Freshening by Gwenna Johnson



Early one hot July morning my cousin took me with him in his dirty truck, the floor littered with V8 cans and vaccination records.  He was a Veterinarian and worked in Chester County on mostly Amish dairy farms.  I wore a pair of my brother’s old hiking boots and cut-off jeans, and couldn’t sit still the whole way there.  I loved cows.


We pulled down an unpaved road and passed the farmer’s wife in a field of tobacco.  She was stooped over, helping her two daughters spear tobacco leaves.  I talked with the farmer next to the milk house while my cousin pulled on a pair of Tingley boots and waterproof trousers.  We walked back through the free stalls to a holding pen where a cow waited.  I had never seen such a large animal before, nor such fearful eyes.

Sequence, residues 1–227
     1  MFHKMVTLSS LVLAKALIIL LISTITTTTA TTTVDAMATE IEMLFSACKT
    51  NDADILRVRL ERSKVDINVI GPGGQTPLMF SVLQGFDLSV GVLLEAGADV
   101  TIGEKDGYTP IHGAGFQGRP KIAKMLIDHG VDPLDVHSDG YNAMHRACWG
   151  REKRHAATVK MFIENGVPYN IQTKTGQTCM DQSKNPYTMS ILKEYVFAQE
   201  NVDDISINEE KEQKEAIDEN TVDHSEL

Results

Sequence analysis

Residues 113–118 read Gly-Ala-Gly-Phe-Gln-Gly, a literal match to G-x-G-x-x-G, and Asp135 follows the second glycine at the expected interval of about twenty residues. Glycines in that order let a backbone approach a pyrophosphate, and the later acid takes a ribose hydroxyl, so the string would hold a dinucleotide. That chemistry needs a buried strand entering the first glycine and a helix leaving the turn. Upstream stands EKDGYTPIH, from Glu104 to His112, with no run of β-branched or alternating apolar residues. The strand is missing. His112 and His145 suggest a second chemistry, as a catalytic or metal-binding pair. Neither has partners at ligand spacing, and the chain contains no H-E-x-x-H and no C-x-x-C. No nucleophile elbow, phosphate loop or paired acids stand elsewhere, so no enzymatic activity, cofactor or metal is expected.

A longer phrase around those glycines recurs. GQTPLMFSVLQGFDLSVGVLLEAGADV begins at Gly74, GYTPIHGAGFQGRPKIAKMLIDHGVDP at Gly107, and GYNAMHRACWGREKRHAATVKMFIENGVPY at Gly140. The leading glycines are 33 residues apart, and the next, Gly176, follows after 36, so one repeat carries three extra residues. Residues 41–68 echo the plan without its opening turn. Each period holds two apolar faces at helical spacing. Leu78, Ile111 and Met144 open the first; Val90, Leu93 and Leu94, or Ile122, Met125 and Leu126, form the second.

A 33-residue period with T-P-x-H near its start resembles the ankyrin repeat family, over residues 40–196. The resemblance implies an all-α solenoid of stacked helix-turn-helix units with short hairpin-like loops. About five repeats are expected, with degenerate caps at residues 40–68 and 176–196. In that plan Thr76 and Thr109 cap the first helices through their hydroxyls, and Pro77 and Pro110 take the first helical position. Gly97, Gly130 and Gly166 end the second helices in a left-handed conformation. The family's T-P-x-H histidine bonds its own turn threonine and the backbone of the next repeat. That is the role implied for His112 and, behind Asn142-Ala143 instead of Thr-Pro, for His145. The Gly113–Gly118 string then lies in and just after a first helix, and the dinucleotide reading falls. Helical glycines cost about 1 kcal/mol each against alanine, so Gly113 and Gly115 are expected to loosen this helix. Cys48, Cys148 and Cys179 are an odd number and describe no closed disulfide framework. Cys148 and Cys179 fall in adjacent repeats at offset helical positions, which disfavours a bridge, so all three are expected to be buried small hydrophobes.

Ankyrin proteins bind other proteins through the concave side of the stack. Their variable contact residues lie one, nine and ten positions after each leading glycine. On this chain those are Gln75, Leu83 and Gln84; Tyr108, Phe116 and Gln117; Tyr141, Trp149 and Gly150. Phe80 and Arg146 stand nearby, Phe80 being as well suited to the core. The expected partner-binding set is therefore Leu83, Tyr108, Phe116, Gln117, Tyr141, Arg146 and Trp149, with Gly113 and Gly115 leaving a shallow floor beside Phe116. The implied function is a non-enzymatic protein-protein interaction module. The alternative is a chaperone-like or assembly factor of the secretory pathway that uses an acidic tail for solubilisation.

The cow turned as we approached, and I saw a horrifically swollen head sticking out from under her tail.


“She started freshening last night, I thought she’d pull through on her own but it seems like she wasn’t quite ready for it to come yet.”


My cousin worked fast.  He slipped on a pair of yellow gloves with sleeves up to the shoulder, cleaned wet manure and blood from the disfigured calf head, and sunk his arms into the cow’s vaginal opening. 


The calf was dead.  It came out in pieces.  My cousin and the farmer cut the calf to bits using a sharp wire contraption and lots of friction.  The first piece was its head and one front leg.  The face was disfigured, and the tongue stuck out between its jaws, blue and engorged.  Next came the other front leg, rib cage, and intestines.  They extracted the hips and hind legs last.  The spine stuck out, white bone between brown, chopped muscle.


While they worked I removed the calf pieces from the holding pen.  I carried the small head and laid it on the cement.  Returned later with a leg and shoulder.  I could hear the cow gasping and grinding her large, flat teeth.  The men sawed, the cow stomped and kicked, and I made a puzzle out of bloody calf pieces on the dusty barn floor.






© 2005-2009 Per Contra: The International Journal of the Arts, Literature and Ideas

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Gwenna Johnson